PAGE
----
Thursday, May 27, 2010

What does Zen teach about God?

I get asked this question a LOT, along with "Do you believe in God?"

Zen is the art of being totally immersed in the moment. This second, this breath is all we have. Everything else is illusion. In Zen we attempt to strip away all the fluff, all the unnecessary wrappings that hold us back from full awakening. So what many will call my overly simplistic response is: "We don't worry about things like that." If you knew for a matter of fact, with every cell of your body that God did not exist, would you change the way you live? So far everyone I have asked have said no. Then? The Buddha taught that all sentient beings have everything they need within them. When we seek externally, we hold ourselves back.

Developing compassion to the point where all our thoughts, deeds, actions, our very essence are ruled by compassion and wisdom is the utmost expression of our buddha nature. So I would say if someone's answer to the question above was "Yes," they have more work for the cushion, and that it is more important than the other existential questions we can become bogged down with.

Ishu Kinshu

Tuesday, May 25, 2010

Finding a standpoint

I was talking to a dharma friend today. She guessed we were almost in the same standpoint regarding buddhism.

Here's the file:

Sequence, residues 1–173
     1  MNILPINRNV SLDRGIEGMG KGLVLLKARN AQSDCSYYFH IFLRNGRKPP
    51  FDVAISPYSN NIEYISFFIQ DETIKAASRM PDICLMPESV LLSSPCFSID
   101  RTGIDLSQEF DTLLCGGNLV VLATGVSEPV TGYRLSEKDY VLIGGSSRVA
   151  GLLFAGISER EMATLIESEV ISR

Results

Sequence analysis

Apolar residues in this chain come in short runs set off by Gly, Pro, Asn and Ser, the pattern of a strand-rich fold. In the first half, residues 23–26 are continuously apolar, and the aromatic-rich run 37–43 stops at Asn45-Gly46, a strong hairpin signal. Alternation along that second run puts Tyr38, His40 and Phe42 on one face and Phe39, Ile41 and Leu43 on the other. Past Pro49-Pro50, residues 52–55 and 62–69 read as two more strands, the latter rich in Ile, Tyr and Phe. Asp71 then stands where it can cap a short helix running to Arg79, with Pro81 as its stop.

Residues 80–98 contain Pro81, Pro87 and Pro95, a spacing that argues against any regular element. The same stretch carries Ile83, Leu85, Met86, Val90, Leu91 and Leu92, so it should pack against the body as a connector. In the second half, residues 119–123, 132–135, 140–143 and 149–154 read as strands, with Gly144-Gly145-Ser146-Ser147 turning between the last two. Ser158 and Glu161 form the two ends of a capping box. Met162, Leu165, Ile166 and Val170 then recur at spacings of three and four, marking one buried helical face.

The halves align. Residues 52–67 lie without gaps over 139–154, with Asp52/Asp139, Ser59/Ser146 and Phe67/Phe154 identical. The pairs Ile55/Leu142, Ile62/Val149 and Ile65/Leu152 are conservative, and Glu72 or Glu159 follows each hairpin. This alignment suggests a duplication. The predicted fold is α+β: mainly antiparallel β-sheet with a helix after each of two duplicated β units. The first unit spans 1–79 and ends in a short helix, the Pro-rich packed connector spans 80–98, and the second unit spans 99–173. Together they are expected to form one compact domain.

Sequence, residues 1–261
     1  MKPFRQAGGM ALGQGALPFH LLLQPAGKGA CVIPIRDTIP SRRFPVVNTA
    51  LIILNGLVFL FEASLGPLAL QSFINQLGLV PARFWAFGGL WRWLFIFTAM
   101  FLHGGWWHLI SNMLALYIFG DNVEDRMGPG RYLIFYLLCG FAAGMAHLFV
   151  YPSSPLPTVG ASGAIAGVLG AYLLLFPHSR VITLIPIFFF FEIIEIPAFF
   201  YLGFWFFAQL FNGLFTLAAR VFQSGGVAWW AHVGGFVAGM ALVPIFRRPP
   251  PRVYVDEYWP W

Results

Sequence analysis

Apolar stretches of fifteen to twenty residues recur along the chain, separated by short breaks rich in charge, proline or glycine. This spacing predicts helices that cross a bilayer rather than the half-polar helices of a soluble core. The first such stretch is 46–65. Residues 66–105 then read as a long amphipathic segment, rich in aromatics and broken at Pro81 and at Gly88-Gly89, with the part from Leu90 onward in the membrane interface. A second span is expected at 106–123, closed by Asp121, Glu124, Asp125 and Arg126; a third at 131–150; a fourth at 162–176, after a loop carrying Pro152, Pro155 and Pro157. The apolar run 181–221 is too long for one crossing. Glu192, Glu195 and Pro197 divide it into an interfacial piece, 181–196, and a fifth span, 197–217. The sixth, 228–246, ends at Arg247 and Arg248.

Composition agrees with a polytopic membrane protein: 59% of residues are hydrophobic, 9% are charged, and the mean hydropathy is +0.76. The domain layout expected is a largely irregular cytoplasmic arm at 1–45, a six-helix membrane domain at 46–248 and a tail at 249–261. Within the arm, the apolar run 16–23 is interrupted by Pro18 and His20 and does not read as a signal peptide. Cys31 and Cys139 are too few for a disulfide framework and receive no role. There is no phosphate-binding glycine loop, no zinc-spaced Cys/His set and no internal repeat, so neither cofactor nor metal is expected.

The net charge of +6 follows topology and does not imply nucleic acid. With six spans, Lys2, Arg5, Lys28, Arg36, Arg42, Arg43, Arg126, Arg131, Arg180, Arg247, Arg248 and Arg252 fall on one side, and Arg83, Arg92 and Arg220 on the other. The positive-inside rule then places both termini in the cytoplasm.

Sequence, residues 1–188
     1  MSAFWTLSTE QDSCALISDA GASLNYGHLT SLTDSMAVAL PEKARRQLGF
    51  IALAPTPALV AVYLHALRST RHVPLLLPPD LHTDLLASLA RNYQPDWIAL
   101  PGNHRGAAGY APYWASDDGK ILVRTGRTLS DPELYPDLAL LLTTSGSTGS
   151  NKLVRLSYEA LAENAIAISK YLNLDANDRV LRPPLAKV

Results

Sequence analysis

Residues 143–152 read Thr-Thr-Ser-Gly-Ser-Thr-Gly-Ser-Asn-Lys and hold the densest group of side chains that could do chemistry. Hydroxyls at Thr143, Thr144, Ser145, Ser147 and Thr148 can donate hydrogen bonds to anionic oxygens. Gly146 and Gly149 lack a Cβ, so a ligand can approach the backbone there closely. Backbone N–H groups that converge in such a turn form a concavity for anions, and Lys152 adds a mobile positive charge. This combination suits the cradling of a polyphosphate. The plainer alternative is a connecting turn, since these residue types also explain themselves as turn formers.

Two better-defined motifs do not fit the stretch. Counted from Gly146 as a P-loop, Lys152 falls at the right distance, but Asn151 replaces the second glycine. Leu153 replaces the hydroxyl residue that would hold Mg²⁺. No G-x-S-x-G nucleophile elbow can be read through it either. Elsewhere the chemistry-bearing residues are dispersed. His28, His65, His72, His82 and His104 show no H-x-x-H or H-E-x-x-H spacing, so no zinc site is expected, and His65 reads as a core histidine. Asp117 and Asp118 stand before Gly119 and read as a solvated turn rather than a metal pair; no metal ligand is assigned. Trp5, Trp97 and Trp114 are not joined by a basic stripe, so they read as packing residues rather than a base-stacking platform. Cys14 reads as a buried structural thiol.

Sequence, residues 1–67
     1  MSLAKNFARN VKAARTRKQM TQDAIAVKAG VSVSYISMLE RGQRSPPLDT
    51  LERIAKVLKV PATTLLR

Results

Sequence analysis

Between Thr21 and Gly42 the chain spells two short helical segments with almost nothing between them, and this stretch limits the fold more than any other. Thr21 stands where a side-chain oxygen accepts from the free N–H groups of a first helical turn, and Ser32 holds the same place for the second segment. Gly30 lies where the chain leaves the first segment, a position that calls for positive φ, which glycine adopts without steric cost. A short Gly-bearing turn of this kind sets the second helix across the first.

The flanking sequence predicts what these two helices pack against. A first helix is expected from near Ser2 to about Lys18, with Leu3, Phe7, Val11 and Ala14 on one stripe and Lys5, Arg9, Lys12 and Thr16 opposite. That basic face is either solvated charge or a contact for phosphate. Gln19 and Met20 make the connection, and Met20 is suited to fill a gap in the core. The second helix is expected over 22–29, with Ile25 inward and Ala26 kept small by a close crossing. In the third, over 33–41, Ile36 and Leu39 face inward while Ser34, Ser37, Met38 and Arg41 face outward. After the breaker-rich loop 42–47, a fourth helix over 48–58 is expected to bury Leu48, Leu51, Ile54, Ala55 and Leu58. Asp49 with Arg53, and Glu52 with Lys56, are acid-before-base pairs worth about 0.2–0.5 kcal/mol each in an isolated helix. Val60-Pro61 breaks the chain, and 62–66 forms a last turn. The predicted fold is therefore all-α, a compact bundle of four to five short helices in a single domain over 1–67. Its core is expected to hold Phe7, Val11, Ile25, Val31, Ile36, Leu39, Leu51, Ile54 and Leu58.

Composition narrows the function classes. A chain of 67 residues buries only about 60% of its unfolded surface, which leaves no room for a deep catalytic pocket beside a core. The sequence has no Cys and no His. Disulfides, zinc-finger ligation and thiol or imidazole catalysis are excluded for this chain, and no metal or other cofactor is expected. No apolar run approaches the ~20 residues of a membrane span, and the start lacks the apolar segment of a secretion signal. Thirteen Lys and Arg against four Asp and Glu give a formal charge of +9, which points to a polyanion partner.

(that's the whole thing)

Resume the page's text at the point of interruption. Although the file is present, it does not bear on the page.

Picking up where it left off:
I immediately asked myself where my standplace was. When I first contacted the Boundless Way school I was making a slow attempt of transition from theravada to chan/zen. I didn't know if I would succeed and through this time I've been strongly based on the teachings of the Pali Canon. With time I've learnt to discuss, question and defend certain viewpoints, creating in this way a kind of identity, which as with all sense of identity is subject to decay and death.

Some place in the process I feel like I lost contact with something essential. Something I can only get in contact through abandoning what I've learnt, what I have, what I am... standing alone, naked and in silence, shading light into it until it reveals itself, wandering along, finding no standpoint, just as leaves do not say "my true nature is green" or "my true nature is yellow" in this boundless empty field.

It has nothing to do with buddhism or any other -ism. Becoming proficient in defending a certain view has nothing to do with it either. If it had, it would be like setting boundaries to the boundless. It cannot be done, no matter how hard one tries.

Seeking a home, seeking a refuge I was worried about where my standpoint was and thus my mouth was dry like a desert. My feet treading the boundless way, the sky as the limits of my head, where could worry find a standpoint?

Thursday, May 20, 2010

Do not squander your life!

To end our evening practice at Open Gate,
we recite the following gatha:

Let me respectfully remind you,
Life and death are of supreme importance,
Time passes swiftly and opportunity is lost.
Each of us should strive to awaken,
Awaken, take heed! Do not squander your life.

What exactly does it mean to awaken?
How do we know when we are awakened?
How do we know when someone else is awakened?
Despite all our years of practice;
If we never see ourselves as being awakened,
have we simply "squandered" our lives?

Wednesday, May 12, 2010

Karmic Ripples

Someone who came to zazen last night said something that has bearing on the last post about service - and also on the debate we had some months ago about missionary activity.